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com-, 强调。-pass, 走，展开，词源同pace. 后用于指数学和航海物件品。
- compass:  The notion underlying compass is of ‘measuring out with paces’. It originated as a verb, Vulgar Latin *compassāre ‘pace out’, a compound formed from the Latin intensive prefix com- and passus (source of English pace). This passed into Old French as compasser ‘measure’, and thence into English. The derived Old French noun compas was early applied to a pivoted two-armed measuring and drawing instrument, presumably inspired equally by the ideas ‘stepping’ and ‘measuring’, and English acquired this sense in the 14th century.
The use of the word for a magnetic direction indicator, which dates from the 16th century, may be due to the device’s circular container.
- compass (n.)
- c. 1300, "space, area, extent, circumference," from Old French compas "circle, radius, pair of compasses" (12c.), from compasser "to go around, measure, divide equally," from Vulgar Latin *compassare "to pace out" (source of Italian compassare, Spanish compasar), from Latin com- "together" (see com-) + passus "a step" (see pace (n.)).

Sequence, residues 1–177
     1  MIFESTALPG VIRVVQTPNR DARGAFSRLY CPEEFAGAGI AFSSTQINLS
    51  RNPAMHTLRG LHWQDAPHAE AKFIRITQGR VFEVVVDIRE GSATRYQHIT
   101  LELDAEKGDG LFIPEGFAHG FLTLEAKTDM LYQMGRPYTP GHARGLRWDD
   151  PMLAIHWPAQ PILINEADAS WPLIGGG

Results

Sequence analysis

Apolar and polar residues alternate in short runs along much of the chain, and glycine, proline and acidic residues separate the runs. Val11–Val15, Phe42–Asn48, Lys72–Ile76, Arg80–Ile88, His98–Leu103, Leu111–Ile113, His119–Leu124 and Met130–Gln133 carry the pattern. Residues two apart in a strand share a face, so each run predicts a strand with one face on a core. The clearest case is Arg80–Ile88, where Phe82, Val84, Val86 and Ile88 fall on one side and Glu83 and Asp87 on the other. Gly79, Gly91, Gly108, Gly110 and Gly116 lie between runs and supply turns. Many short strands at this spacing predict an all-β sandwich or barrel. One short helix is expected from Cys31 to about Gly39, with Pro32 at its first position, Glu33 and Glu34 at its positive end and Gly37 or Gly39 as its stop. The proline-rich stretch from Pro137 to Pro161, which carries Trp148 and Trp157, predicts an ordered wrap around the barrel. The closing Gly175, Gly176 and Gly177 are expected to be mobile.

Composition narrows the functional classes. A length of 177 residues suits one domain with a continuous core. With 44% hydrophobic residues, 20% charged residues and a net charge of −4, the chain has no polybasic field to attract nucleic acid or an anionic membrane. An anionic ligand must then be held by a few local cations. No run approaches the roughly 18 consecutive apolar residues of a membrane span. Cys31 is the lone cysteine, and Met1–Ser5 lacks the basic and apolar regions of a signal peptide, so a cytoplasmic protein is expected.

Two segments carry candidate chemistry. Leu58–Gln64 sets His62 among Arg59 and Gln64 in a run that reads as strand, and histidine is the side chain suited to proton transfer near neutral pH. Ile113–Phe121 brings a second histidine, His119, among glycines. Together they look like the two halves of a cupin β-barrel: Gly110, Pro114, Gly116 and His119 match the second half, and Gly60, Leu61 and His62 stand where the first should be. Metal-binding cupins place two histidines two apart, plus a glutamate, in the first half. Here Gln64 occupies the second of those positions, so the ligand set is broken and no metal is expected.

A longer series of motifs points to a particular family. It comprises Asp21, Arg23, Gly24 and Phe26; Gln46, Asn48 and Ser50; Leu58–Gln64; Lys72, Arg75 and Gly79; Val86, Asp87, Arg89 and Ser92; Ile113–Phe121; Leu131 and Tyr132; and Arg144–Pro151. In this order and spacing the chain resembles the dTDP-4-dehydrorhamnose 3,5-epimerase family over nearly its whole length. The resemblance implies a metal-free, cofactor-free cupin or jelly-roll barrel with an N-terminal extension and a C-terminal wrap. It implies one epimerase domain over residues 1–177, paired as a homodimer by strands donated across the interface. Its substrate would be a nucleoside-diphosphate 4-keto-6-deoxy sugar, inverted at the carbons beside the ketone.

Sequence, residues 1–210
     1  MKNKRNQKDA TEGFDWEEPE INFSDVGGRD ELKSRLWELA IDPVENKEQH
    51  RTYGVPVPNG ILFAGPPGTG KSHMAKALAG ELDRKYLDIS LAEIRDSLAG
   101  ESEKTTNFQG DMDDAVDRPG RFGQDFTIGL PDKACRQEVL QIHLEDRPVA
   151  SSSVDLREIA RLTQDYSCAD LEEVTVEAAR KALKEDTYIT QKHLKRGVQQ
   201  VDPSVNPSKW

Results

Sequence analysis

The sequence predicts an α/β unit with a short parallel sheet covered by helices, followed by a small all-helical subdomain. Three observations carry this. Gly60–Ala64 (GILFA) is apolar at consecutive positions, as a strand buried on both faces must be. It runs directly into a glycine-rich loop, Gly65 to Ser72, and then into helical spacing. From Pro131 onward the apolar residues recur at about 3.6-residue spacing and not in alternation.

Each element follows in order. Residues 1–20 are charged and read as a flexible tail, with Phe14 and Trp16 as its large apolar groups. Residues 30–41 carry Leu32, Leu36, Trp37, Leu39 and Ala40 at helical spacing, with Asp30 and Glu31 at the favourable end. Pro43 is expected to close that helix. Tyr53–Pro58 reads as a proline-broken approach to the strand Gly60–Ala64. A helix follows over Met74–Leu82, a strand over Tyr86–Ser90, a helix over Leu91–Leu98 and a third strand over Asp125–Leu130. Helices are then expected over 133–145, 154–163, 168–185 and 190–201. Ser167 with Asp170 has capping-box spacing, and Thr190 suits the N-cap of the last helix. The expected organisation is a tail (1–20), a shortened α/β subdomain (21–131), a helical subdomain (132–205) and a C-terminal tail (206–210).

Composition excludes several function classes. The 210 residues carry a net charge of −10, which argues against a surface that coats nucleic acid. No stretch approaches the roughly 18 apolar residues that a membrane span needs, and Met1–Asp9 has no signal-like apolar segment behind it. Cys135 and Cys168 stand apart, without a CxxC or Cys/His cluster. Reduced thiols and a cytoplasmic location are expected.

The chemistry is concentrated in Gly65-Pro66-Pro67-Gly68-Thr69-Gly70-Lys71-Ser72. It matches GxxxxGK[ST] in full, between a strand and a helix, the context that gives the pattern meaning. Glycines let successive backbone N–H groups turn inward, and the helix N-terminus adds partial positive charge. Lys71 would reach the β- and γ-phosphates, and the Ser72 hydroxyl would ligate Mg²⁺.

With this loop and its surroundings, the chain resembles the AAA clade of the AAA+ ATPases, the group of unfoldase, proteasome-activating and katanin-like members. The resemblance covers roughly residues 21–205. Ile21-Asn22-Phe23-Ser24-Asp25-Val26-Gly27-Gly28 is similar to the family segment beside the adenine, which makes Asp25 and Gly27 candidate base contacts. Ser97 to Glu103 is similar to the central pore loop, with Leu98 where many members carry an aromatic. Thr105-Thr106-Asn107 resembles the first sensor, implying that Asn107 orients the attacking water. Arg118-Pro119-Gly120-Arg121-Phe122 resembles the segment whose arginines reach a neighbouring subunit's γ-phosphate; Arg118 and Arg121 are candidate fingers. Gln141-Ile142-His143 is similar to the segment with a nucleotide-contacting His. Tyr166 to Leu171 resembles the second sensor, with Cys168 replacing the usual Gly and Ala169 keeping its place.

The mathematical instrument so called from mid-14c. The mariners' directional tool (so called since early 15c.) took the name, perhaps, because it's round and has a point like the mathematical instrument. The word is in most European languages, with a mathematical sense in Romance, a nautical sense in Germanic, and both in English.
- compass (v.)
- c. 1300, "to devise, plan;" early 14c. as "to surround, contain, envelop, enclose;" from Anglo-French cumpasser, from compass (n.). Related: Compassed; compassing.
- 1. You can go anywhere and still the compass points north or south.
- 2. We didn't have satnav, so the traditional map and compass took over.
- 3. Sightseers arrived from all points of the compass.
- 4. a map and compass
- 5. the oscillation of the compass needle
[ compass 造句 ]